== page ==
per liter, a level that is near the low end of normal.

Another 16% of participants had Vitamin B12 levels of only
185 picomoles, which woould give them a clearly deficient
Vitamin B12 status.


Dr. Turner believes that "there is a lot of undetected Vitamin
B12 deficiency out there".




Since Vitamin B12 can causes disturbances in walking and
loss of balance, it is clearly a possible culprit in the alarming
numbers of Americans falling down, especially as they age.



Why would Americans become more susceptible to Vitamin
B12 deficiency as they age?  The reason is that, as we age,
our stomachs change. We lose some of our ability to absorb
Vitamin B12. This change occurs around age 50, along with
other significant physical changes.

As a result, around age 50, you may start to experience a
deterioration in your sense of balance. Your hair  may start
to turn gray -- for reasons that include Vitamin deficiency
and genetics -- and you may begin to feel more often a kind
of soft disorientation.  All these changes can be tied to
declining physical ability to absorb Vitamin B12.


Foods That Can Help to Restore Healthy Vitamin B12 Levels


Most people know that fortified cereals contain Vitamin B12.

But did you know that seafood can also contain significant
levels of Vitamin B12.


In particular, mussels are rich in Vitamin B12. Mussels, a
staple of the French diet, contains between 170 and 340
micrograms of Vitamin B12 per 3 ounce serving, which is
170% to 340% of the recommended daily amount.

Bear in mind that health authorities differ as to what is the
"minimum" amount of Vitamin B12 you need each day.  
Eating a serving of mussels twice a week will likely put you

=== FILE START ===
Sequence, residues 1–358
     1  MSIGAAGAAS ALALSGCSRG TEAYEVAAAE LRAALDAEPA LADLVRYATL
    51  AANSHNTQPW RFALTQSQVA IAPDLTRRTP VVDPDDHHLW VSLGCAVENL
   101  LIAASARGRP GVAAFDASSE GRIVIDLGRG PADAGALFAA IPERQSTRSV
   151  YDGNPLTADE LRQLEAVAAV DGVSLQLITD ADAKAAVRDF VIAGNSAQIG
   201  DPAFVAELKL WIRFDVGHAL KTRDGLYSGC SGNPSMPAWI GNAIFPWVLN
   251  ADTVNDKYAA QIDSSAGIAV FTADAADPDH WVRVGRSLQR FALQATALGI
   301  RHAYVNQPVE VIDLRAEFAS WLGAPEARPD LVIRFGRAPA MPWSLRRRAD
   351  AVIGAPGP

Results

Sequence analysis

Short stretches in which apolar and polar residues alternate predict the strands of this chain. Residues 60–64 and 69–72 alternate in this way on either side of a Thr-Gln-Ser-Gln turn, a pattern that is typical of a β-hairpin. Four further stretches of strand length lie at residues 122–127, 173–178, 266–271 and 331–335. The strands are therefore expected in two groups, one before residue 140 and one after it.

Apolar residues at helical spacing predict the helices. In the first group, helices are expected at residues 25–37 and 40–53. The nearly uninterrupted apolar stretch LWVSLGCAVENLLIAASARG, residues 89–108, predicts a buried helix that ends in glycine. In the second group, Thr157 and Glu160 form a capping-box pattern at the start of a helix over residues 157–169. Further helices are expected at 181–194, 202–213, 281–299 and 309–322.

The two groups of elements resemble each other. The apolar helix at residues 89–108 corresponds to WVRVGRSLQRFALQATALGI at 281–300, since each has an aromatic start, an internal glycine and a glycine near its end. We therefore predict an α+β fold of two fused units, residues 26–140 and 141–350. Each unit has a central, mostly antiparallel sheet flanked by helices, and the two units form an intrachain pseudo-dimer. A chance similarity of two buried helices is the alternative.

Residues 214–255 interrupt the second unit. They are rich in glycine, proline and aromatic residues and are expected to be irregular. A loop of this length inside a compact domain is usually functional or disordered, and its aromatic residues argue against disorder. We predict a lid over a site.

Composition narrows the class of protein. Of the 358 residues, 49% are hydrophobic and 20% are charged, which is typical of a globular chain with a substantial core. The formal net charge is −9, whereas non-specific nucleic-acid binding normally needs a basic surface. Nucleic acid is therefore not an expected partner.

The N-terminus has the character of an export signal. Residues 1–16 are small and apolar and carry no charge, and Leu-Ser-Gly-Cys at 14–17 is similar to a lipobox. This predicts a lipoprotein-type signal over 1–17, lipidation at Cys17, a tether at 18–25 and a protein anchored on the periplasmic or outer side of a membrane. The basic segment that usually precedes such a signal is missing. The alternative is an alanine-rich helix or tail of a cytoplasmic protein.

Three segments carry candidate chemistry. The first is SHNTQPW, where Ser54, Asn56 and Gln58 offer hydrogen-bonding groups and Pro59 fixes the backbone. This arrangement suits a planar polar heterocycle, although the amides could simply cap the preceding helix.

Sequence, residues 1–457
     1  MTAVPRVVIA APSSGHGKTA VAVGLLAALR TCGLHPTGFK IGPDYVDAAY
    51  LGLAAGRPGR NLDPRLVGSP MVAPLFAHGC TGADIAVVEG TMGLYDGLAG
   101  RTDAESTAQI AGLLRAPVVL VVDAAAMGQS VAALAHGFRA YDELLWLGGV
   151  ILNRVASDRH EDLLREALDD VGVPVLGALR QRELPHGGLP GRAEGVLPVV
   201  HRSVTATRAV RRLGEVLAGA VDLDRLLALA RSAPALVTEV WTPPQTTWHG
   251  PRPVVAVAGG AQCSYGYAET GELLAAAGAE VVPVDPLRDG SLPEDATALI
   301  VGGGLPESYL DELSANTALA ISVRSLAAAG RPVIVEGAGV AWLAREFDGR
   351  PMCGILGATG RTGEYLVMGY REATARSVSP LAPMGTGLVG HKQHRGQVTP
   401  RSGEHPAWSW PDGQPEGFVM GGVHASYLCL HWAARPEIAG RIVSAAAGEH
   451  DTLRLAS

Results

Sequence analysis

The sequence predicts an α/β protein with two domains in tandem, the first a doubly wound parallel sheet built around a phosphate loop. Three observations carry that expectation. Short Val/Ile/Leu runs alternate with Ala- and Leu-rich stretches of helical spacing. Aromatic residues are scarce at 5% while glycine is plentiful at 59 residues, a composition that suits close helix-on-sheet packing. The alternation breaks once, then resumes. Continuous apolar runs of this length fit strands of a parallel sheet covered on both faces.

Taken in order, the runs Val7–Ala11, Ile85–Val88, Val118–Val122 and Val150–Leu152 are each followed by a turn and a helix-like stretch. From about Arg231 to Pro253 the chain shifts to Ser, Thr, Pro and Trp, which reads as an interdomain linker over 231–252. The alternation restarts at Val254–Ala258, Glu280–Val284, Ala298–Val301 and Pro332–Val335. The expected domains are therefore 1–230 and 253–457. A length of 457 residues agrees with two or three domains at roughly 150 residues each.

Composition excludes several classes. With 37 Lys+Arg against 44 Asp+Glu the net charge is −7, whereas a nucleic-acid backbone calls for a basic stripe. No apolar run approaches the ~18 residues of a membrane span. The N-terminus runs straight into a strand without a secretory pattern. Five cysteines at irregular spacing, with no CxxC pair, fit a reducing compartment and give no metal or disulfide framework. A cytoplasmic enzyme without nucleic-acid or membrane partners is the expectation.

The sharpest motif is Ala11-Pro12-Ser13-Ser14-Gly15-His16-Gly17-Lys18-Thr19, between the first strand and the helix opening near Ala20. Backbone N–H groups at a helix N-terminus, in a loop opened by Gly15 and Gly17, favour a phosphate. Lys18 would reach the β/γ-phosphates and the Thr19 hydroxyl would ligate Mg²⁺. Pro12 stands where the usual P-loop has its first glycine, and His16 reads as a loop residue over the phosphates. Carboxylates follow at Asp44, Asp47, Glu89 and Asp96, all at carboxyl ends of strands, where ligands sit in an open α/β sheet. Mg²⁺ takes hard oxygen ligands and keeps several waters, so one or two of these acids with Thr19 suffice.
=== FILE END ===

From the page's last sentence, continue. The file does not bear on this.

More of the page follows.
safely over the minimum levels.


Clams are another seafood rich in Vitamin B12. A 20 clam
serving contains 187.8 micrograms of Vitamin B12.



Finally, oysters contain 13.8 micrograms of Vitamin B12 per
serving of 6 medium oysters.





















































Related:
Hip Fractures -Top 10 Prevention Tips

Meniere's Disease-Ideal Diet

Foods That Reduce Blood Pressure

Sugar-the Disease Connection

Foods That Shrink Your Waist

Ideal Weight for Women

Swollen Ankles -Causes and Cures

Tight Bras and Briefs-Health Dangers

Are Diet Sodas Bad for Your Health?


Bowel Color-What It Means

Urine Color-What It Means


Home  > Conditions  > Ear
Problems >>Here

BRAIN HEALTH

>CROSSWORD
PUZZLES
>LEARNING
>MEMORY LOSS

DIETS AND FITNESS

HOW MUCH IS TOO MUCH
SALT

HOW MUCH SALT IS IN MY
FOOD

SALT CONTENT OF COMMON
FOODS

150,000 DIE FROM EXCESS
SALT

I HAVE HIGH BLOOD
PRESSURE!

FOODS THAT LOWER YOUR
BLOOD PRESSURE

QUINOA-THE NEW
SUPERFOOD

INFLAMMATION INSIDE
THE BODY

FAT--IT'S ALIVE!

WHY WE GO SOFT IN THE
MIDDLE

WHY EUROPEANS ARE
THINNER

>VEGETARIAN RECIPES


MY HEART ATTACK

CANCER SURVIVORS


MONEY AND BUDGET

RESOURCES

AMERICAN HEART
ASSOCIATION

LINKS AND RESOURCES

About Us

Register

Privacy Policy

Editorial Policy

Contact Us

Disclaimer : All information on www.collectivewizdom.com is for educational purposes only. It is not a substitute for professional medical advice. For
specific medical advice, diagnoses, and treatment, please consult your doctor.  
Privacy Policy.  About Us   Contact Us

(c) copyright collectivewizdom.com 2007 -2017 and all prior years. All rights reserved.
Collectivewizdom,LLC is located at 340 S Lemon Ave #2707 Walnut, CA 91789
Subscribe in a reader
COLLECTIVE
WIZDOM.COM

Healthy Body, Healthy Mind, Healthy Life
Eating mussels can help improve
balance
if you are Vitamin B12
deficient
.